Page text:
Thesis or dissertation
Date of this Version
Community preservation education is a powerful tool for exciting and empowering the public to become motivators and facilitators of preservation within their communities. Such non-formal education is geared towards a general audience and aims to foster greater knowledge, appreciation and involvement within the public. While community preservation education is embedded within modern preservation theory, policy and practice, it is also considered to be amongst the field’s primary weaknesses. Despite such criticism there have been no efforts to critically evaluate current education efforts and identify ways in which they can be improved. This thesis endeavors to instigate such a dialogue. The purpose of the research project was to evaluate the current state of community preservation education in the U.S. The research process included an extensive literature review regarding education and best practices within the preservation, environmental and museum education fields as well as the marketing profession. This information was the lens through which current education programs were evaluated. To gain insight into contemporary education initiatives a survey was disseminated to all local and state public and non-profit preservation organizations. Case studies were also conducted and provided a more in-depth understanding of program development, implementation and execution. Overall, research revealed that there is significant room for improvement in current education efforts. Included in this thesis is a set of recommendations that can be used to inform improvements to overall practice and individual education programs.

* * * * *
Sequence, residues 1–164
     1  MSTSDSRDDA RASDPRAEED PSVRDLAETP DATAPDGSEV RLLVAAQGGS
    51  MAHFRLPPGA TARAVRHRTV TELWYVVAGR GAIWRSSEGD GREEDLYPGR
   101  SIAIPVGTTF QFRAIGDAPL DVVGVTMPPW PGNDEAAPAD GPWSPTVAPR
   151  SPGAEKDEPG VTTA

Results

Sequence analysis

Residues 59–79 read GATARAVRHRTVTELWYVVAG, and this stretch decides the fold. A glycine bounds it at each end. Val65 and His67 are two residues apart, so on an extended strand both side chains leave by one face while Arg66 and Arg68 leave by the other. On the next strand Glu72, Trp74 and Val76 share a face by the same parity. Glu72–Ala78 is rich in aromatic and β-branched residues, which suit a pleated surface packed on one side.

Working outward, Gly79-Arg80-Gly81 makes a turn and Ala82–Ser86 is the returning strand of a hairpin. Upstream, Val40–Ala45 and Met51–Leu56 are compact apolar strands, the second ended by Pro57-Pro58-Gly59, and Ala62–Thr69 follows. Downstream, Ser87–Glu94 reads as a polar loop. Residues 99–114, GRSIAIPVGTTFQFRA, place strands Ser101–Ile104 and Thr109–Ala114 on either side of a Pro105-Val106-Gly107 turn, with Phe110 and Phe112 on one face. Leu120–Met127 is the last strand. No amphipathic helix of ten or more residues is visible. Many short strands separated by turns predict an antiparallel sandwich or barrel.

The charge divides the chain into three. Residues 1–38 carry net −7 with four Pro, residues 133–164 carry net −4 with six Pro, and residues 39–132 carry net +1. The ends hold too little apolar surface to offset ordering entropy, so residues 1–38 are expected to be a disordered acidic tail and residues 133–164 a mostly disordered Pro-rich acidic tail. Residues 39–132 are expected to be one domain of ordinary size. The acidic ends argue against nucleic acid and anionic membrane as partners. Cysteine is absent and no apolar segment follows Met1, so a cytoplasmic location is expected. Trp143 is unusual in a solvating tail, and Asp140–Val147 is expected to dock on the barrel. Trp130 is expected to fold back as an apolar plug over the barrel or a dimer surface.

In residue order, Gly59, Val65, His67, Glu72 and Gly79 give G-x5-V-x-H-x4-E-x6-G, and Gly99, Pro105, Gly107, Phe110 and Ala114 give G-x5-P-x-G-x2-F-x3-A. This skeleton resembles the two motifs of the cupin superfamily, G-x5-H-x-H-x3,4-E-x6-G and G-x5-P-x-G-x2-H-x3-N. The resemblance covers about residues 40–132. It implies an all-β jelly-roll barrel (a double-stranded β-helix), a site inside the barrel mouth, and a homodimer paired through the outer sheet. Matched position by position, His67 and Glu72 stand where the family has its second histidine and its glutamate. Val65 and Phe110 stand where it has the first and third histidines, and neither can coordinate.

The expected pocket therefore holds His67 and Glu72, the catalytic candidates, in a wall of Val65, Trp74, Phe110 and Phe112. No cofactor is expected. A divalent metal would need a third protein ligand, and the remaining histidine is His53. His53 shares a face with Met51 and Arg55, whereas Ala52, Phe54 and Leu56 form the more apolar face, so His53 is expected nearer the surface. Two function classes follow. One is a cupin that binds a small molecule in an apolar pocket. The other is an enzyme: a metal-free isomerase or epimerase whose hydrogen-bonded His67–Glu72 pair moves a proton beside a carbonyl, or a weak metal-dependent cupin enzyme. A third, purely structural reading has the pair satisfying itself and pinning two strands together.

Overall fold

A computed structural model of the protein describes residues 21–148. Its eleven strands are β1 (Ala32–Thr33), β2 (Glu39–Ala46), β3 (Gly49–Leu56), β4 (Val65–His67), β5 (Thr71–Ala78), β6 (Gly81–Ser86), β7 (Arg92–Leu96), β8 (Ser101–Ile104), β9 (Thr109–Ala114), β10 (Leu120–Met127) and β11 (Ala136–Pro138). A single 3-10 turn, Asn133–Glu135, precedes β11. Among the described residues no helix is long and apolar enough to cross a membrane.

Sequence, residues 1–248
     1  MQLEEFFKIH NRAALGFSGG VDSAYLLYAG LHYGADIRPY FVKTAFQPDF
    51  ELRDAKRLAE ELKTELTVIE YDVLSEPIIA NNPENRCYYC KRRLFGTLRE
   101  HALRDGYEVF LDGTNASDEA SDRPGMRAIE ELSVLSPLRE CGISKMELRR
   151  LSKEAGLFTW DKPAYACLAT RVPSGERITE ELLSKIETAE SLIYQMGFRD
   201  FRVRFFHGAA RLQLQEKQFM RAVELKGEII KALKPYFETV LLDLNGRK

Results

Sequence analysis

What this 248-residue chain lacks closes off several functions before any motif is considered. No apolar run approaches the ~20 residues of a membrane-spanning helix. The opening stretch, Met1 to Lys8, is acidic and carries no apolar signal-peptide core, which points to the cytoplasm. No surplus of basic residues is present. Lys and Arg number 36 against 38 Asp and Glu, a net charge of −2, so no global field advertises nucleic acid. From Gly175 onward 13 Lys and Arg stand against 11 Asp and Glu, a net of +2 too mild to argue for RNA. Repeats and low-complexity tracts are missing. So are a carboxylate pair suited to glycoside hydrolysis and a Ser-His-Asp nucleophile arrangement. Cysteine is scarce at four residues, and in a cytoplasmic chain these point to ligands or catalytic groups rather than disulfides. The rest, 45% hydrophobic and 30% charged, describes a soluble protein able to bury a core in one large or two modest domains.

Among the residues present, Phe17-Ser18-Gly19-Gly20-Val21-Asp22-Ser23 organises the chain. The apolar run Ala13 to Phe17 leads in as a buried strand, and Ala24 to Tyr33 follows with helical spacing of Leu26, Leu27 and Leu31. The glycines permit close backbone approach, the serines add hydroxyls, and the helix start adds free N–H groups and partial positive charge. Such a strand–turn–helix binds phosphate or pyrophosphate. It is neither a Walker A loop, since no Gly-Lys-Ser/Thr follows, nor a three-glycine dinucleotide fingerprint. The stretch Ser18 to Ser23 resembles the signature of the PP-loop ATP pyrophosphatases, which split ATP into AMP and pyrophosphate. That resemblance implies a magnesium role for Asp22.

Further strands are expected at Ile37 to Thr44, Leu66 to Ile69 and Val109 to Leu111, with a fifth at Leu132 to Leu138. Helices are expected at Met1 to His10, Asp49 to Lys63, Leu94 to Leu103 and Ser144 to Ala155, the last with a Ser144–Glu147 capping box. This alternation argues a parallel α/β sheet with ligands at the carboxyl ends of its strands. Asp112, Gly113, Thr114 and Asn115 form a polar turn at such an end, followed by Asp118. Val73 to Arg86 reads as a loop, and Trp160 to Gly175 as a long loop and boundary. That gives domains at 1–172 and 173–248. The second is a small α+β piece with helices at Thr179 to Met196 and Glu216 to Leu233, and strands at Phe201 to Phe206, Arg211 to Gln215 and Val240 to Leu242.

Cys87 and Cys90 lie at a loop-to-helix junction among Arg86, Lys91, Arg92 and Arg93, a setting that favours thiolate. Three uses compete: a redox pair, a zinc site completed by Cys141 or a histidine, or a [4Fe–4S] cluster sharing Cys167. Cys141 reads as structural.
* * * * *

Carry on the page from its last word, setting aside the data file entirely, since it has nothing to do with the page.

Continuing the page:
non-formal preservation education, preservation education, preservation education best practices, public engagement, public's role in historic preservation
Date Posted: 25 February 2014